A Dentist, a Surgeon and a Head Chef

It has been noted that appraisers often wear multiple “hats” to maintain a successfully running business. But is this the best use of their time to benefit them, their employer, or customer? There are many tasks that business owners can delegate to others. Appraisers should take a lesson from some other common professions on how their skills are best being used.

The Dentist
Think about when you visit a dentist. When you call to make the appointment do you speak to the dentist? No, you talk to a scheduler. After relaxing, because we all relax when going to the dentist, in the waiting room for a bit and the door opens and they call you back, is that the dentist? No, it’s an assistant. If you are there for a cleaning does the dentist do that? No! Well who does? A qualified, trained, skilled licensed dental hygienist performs that task. So what in the world is the dentist doing? Don’t say he or she is on the golf course. While they could be, they are more likely sticking to the tasks only they can do. The extractions, ouch! Maybe the root canals, fillings, crowns and so on. They are performing the highly skilled tasks that only they can do which represents the Highest and Best Use of the dentist’s time.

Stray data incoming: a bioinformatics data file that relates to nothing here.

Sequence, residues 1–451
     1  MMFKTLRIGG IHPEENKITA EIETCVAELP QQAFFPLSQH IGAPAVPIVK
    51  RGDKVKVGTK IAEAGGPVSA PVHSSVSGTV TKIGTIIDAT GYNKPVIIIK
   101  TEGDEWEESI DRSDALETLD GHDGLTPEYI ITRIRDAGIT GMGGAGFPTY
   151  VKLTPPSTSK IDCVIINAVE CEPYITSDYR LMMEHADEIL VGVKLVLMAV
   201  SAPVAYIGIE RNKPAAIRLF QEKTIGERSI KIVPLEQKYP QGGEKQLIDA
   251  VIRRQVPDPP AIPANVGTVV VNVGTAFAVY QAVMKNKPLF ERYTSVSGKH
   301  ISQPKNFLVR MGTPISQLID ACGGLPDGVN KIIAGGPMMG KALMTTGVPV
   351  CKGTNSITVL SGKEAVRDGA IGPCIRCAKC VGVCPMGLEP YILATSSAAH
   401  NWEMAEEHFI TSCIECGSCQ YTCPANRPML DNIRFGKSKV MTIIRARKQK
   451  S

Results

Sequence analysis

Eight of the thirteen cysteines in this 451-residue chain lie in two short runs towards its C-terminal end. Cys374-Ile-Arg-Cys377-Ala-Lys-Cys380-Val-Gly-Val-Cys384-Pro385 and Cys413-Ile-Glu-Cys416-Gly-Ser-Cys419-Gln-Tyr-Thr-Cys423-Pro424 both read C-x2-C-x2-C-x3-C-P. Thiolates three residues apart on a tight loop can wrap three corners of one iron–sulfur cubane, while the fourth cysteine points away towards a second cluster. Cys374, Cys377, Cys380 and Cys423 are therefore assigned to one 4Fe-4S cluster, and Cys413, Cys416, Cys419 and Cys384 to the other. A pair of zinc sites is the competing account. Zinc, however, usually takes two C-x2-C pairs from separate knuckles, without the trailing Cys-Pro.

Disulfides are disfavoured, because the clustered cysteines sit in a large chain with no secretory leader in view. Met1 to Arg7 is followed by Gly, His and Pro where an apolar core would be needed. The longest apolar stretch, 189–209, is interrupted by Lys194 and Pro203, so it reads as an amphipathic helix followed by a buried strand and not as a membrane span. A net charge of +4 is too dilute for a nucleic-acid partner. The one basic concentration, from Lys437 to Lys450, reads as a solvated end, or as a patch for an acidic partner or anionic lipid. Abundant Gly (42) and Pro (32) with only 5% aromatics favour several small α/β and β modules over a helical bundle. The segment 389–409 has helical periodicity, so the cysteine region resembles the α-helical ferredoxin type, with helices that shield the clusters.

The Surgeon
What does a doctor, who specializes in surgery, do? Let’s examine the normal routine of a heart surgeon. His hands are found in the chest of a patient fixing their heart. What does he do immediately after repairing this patient’s heart? A surgeon doesn’t typically close, wake the patient up, wheel them back to their room or bring them their lunch tray. Other folks do those tasks. The surgeon immediately scrubs and puts his hands in another patient’s chest to fix them. The Highest and Best Use of the surgeon is to perform surgery, not all the other items that contribute to the success of the surgical process.

The Head Chef